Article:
According to a press release sent out Wednesday from an American law firm, the surviving family members of an Ontario family killed in 2015 in a crash on the I-95 in South Carolina, were awarded US$17 million in a jury trial.
Jeremiah Cross, 34, Crystal Cross, 32, and their infant son, seven-month-old Grayson Cross, all died in the horrific crash near Florence, S.C. At the time, the family was living in Trenton, Ont., and were travelling back from a vacation at Disney World in Florida.
The Joye Law Firm, representing the plaintiffs, said in a press release that an 18-wheeler owned by transportation company XPO Logistics, hit the Trenton family’s 2008 Honda SUV at over 110 km/h, completely demolishing car and setting it on fire.
The plaintiffs claimed that the driver of the 18-wheeler was alcohol-impaired at the time of the crash.
The plaintiff’s also claimed that the driver ignored signs warning about upcoming construction, and did not reduce his speed. Instead, the plaintiffs say he kept the truck at 112 km/h in cruise-control.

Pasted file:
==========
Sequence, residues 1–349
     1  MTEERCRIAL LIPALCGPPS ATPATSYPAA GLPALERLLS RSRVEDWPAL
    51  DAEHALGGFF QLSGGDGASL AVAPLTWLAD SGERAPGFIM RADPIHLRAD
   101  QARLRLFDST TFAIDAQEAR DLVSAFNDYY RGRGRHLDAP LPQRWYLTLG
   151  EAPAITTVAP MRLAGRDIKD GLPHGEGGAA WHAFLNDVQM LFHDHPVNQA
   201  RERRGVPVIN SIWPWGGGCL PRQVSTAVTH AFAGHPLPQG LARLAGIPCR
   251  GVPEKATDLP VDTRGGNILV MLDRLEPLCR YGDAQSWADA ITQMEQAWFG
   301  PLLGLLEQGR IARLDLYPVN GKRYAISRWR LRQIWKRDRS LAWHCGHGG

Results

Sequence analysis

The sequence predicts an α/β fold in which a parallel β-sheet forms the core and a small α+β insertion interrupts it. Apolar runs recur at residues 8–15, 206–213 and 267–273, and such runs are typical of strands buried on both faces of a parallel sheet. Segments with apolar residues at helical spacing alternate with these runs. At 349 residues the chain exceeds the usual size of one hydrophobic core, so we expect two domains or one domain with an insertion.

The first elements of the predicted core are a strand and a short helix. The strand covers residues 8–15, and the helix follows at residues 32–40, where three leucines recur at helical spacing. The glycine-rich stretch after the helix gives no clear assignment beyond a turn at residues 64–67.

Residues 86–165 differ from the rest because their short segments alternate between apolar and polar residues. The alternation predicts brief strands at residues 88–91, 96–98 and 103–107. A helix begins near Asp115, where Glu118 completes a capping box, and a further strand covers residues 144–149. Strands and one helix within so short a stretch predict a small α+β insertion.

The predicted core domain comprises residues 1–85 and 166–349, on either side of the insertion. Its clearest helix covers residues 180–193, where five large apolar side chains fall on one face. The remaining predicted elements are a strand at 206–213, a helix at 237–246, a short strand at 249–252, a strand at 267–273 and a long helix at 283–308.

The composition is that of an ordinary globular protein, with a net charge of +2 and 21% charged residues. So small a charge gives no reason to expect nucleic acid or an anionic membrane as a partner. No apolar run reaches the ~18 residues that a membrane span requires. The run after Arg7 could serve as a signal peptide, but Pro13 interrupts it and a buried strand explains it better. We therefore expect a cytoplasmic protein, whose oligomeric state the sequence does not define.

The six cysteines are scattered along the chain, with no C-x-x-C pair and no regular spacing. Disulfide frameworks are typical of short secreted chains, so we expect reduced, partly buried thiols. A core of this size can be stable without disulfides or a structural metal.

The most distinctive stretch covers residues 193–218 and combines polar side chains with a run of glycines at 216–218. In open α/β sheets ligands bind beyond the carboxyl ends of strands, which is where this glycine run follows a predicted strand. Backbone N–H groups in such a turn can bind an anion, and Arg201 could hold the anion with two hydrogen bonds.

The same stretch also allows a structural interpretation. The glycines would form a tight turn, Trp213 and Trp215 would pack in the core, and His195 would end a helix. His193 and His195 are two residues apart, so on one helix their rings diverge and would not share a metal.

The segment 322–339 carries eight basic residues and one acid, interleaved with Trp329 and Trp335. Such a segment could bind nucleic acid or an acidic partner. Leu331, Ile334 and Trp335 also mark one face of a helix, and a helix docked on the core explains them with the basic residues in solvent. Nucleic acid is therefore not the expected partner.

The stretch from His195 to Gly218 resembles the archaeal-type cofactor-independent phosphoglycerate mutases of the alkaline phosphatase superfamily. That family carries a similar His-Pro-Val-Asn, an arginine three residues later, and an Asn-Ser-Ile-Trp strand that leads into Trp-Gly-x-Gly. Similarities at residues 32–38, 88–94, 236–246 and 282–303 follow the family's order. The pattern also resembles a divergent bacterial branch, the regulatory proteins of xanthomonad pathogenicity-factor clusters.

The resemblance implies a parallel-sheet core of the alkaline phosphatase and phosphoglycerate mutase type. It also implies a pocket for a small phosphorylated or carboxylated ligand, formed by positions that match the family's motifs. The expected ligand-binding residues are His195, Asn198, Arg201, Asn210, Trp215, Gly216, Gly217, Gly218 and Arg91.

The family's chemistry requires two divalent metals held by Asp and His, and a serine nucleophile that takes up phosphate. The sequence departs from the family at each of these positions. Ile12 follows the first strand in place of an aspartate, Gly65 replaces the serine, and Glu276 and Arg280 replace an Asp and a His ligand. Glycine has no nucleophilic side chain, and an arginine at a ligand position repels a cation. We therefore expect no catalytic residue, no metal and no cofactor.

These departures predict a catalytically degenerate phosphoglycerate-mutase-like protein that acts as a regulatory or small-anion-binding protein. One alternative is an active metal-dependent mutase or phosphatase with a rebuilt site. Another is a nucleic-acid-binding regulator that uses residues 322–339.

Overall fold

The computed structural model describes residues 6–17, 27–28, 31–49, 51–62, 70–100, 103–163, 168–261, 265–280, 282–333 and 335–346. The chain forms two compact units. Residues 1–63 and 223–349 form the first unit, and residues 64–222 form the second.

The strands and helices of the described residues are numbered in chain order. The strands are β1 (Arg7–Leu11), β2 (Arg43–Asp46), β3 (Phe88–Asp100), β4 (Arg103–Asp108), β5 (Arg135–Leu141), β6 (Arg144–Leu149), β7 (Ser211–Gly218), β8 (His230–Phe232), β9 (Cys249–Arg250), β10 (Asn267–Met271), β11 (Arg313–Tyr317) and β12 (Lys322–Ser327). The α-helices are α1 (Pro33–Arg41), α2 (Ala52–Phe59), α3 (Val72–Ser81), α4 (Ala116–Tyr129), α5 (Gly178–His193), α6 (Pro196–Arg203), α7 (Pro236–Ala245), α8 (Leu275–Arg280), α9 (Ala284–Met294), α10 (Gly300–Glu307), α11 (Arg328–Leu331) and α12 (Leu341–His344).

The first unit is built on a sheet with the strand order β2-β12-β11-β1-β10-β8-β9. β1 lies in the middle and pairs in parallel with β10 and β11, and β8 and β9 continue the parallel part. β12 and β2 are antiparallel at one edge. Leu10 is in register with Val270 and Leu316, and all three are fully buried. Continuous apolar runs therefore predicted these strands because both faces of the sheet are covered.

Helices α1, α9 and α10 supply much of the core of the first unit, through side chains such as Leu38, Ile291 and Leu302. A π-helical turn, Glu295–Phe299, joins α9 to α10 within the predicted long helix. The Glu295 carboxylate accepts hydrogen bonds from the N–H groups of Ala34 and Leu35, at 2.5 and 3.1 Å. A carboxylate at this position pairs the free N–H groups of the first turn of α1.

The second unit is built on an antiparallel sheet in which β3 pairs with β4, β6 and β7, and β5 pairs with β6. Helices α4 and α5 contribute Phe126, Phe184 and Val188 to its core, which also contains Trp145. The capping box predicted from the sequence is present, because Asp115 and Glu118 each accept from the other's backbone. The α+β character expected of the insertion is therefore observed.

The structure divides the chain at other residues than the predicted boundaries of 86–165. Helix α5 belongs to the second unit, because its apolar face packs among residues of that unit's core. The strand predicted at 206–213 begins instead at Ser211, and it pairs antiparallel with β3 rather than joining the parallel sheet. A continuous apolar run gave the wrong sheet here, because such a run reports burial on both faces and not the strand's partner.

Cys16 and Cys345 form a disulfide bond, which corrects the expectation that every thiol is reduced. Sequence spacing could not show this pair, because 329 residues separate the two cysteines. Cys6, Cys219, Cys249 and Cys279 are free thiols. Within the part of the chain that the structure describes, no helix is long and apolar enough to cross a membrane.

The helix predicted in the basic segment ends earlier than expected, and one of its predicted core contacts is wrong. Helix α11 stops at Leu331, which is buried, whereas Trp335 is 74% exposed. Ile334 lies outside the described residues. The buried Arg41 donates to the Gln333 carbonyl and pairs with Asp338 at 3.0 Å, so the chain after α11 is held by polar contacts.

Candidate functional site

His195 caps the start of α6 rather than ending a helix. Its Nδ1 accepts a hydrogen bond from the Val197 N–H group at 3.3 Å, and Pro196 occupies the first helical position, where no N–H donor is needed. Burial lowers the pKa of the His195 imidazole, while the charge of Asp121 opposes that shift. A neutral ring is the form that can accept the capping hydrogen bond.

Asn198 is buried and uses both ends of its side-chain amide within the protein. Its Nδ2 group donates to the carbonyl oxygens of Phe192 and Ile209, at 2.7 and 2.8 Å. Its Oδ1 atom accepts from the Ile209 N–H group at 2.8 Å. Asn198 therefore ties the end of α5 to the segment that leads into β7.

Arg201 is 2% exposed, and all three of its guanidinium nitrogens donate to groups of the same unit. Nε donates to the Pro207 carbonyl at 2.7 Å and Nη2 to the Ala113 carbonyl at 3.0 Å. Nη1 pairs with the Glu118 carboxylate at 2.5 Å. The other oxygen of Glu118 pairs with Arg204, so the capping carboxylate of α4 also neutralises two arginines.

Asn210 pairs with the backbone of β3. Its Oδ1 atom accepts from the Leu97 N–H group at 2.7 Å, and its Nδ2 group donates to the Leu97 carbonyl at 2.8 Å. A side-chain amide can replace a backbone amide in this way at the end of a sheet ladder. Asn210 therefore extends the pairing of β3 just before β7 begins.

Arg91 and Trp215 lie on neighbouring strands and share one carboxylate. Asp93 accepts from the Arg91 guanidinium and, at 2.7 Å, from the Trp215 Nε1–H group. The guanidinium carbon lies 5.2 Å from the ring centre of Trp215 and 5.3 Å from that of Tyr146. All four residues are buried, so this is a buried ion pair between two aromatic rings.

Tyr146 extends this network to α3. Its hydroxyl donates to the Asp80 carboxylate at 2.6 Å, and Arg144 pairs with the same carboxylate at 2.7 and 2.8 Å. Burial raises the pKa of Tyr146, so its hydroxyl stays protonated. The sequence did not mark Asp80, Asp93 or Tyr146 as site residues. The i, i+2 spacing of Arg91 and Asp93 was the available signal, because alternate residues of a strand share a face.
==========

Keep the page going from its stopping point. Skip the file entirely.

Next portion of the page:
The plaintiffs’ counsel also alleged that after the crash, the driver and his co-worker attempted to hide evidence related to alcohol use, and that the at-fault driver refused to undergo alcohol testing.
In total, five vehicles and two other tractor trailers were involved in the crash on March 21, 2015. Two Pennsylvania residents, 51-year-old Jacqueline McCann and 52-year-old and Barry Himes, were also killed in the crash.
According to the plaintiff’s lawyer, the damage at the crash site was unimaginable.
“In nearly 30 years of practicing injury law, this was easily one of the worst crashes I’ve seen,” said attorney Mark C. Joye, lead attorney for the Cross family.
In deciding the case, the jury sided with the plaintiffs and directed the driver and XPO Logistics to pay US$17 million in damages. Before the verdict, the plaintiff’s law firm said the defendants’ highest settlement was US$13 million.
Jeremiah Cross was a soldier stationed at CFB in Petawawa, with the 2 Service Battalion. He was born in Trenton and according to his Facebook page, he graduated from East Northumberland Secondary School. At the time of his death, Jeremiah had been with the Canadian Armed Forces for almost three years, and was on paternity leave at the time of the crash, helping to raise his young son.
His wife, Crystal, was originally from Brighton, Ont., and worked as a civilian employee at CFB Trenton.
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